Canadian Forest Service Publications
A review of the long-term effects of post-harvest silviculture on vertebrate wildlife, and predictive models, with an emphasis on boreal forests in Ontario, Canada. 2003. Thompson, I.D.; Baker, J.A.; Ter-Mikaelian, M.T. Forest Ecology and Management 177: 441-469.
Issued by: Great Lakes Forestry Centre
Catalog ID: 21497
Availability: PDF (request by e-mail)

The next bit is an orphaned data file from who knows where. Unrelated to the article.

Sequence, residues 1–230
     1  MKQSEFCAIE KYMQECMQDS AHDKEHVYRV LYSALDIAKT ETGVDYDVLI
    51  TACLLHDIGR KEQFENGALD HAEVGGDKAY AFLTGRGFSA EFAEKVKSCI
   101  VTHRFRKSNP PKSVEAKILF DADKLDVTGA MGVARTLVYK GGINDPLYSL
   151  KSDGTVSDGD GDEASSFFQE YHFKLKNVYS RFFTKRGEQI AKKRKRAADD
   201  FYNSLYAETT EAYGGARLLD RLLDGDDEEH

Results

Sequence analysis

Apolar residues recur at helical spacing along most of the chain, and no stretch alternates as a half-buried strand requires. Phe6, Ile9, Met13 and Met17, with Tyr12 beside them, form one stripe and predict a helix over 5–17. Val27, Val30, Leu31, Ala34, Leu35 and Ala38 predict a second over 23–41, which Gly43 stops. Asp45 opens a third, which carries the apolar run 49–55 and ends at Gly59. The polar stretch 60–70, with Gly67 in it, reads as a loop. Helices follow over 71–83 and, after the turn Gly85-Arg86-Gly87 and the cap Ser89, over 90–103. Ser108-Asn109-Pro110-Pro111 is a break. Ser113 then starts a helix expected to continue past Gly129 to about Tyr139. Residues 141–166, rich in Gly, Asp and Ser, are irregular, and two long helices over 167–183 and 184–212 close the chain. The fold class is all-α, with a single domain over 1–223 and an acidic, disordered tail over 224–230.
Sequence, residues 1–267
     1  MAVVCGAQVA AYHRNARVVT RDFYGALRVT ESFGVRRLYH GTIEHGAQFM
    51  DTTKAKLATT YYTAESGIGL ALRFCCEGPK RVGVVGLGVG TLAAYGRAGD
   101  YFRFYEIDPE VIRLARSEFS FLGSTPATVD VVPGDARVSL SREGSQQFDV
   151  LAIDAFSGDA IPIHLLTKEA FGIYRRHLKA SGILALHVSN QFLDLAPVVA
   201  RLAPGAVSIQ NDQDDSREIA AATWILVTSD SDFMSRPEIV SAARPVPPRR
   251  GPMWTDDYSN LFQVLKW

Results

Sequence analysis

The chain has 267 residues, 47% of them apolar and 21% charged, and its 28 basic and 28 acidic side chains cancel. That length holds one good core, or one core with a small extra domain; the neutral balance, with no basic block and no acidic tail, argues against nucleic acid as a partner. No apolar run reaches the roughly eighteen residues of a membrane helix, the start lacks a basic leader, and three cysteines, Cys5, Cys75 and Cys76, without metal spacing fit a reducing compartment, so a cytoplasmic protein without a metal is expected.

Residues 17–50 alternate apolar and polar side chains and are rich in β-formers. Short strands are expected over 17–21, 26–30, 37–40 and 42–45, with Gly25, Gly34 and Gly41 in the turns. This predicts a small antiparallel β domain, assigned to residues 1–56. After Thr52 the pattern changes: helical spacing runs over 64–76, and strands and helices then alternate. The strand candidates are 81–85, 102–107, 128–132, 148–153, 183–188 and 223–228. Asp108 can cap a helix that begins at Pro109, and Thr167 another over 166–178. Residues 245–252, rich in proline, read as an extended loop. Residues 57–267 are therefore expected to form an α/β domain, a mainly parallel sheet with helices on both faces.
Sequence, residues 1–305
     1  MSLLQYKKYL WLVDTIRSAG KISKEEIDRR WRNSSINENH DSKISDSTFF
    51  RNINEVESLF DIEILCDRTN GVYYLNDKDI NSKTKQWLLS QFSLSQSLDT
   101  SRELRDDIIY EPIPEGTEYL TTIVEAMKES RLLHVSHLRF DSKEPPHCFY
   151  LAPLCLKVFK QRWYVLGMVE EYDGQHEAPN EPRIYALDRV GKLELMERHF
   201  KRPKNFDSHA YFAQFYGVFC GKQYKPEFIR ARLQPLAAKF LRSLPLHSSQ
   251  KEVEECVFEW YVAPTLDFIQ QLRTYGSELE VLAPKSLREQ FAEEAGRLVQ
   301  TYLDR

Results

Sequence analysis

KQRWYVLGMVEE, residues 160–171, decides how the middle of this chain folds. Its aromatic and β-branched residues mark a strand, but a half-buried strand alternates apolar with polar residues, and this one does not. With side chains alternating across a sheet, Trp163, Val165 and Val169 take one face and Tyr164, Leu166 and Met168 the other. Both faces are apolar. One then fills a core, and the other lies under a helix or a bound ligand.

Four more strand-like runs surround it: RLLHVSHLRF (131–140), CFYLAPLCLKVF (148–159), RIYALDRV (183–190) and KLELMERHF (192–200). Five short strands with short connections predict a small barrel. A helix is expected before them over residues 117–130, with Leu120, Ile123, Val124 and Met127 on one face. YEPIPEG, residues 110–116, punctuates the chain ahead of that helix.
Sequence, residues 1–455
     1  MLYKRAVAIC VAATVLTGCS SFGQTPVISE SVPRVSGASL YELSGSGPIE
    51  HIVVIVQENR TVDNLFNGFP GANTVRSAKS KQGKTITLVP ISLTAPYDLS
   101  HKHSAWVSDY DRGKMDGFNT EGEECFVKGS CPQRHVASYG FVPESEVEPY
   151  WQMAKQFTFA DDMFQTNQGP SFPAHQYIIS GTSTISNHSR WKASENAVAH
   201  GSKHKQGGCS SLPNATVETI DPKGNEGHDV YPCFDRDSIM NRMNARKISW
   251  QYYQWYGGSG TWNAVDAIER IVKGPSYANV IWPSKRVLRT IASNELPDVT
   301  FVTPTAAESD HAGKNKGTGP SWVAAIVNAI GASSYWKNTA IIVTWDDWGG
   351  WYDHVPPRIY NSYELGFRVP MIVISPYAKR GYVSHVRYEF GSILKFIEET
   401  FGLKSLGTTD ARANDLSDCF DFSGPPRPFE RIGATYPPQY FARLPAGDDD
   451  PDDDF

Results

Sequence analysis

Greater fibre yields may be possible in commercial forests through an increased application of post-harvest silvicultural techniques. In Canadian boreal forests, while basic silvicultural regeneration techniques such as planting, seeding, scarifying, and tending, have been employed since the 1940's, more intensive techniques (intensive forest management (IFM)) such as increased area planted, pre-commercial and commercial thinning, extra tending events, fertilizing, and short rotations may soon be used. There may be effects of basic and more intensive silviculture on biodiversity in the long-term, compared to natural regeneration following logging or especially stand development following natural disturbances. We reviewed approximately 50 papers that reported studies of the long-term effects of post-harvest silviculture on vertebrate wildlife. In particular, large impacts to biodiversity universally occur when native forest types are replaced by rapidly-growing exotic tree species. However, in boreal forests, native tree species are usually planted, and so any effects on associated wildlife communities may be considerably less than in non-native species plantations. Limited long-term information is available, but published studies of effects of basic silviculture and IFM suggested that loss of structures in forest stands was an important common impact that resulted in vertebrate species responses. Fewer structural features in managed forests compared to in natural forests likely results in reduced numbers of animal species dependent on those structures, such as cavity-using species and species for which large decaying woody debris is important. Simplifying stand structures and species composition may result in systems with low connectivity, making them vulnerable to insect and mammalian herbivory. Concentration of IFM in stands on highly productive sites could exacerbate effects (positive or negative), owing to the positive relationship between forest productivity and animal and plant diversity. Species such as black-backed woodpeckers (Picoides arcticus) may be reduced over large areas by stand conversion to mixedwoods, stand structural changes and especially age-class truncation. On the other hand, IFM may contribute increased habitats to species favoring young to mature coniferous-dominated forests, that normally decline across a landscape following clearcutting in boreal mixed and upland conifer stands. An aspatial model, based on published and local information and expert opinion, suggested that IFM and post-harvest silviculture in Ontario's boreal forests would produce positive and negative species-specific effects on the vertebrates that we modeled. However, IFM appeared to result in little increased effect over basic post-harvest silviculture. We also expect that stand-level effects of IFM on species would accumulate through time over landscapes, as more stands come under intensive management and the level of effects will be cumulative.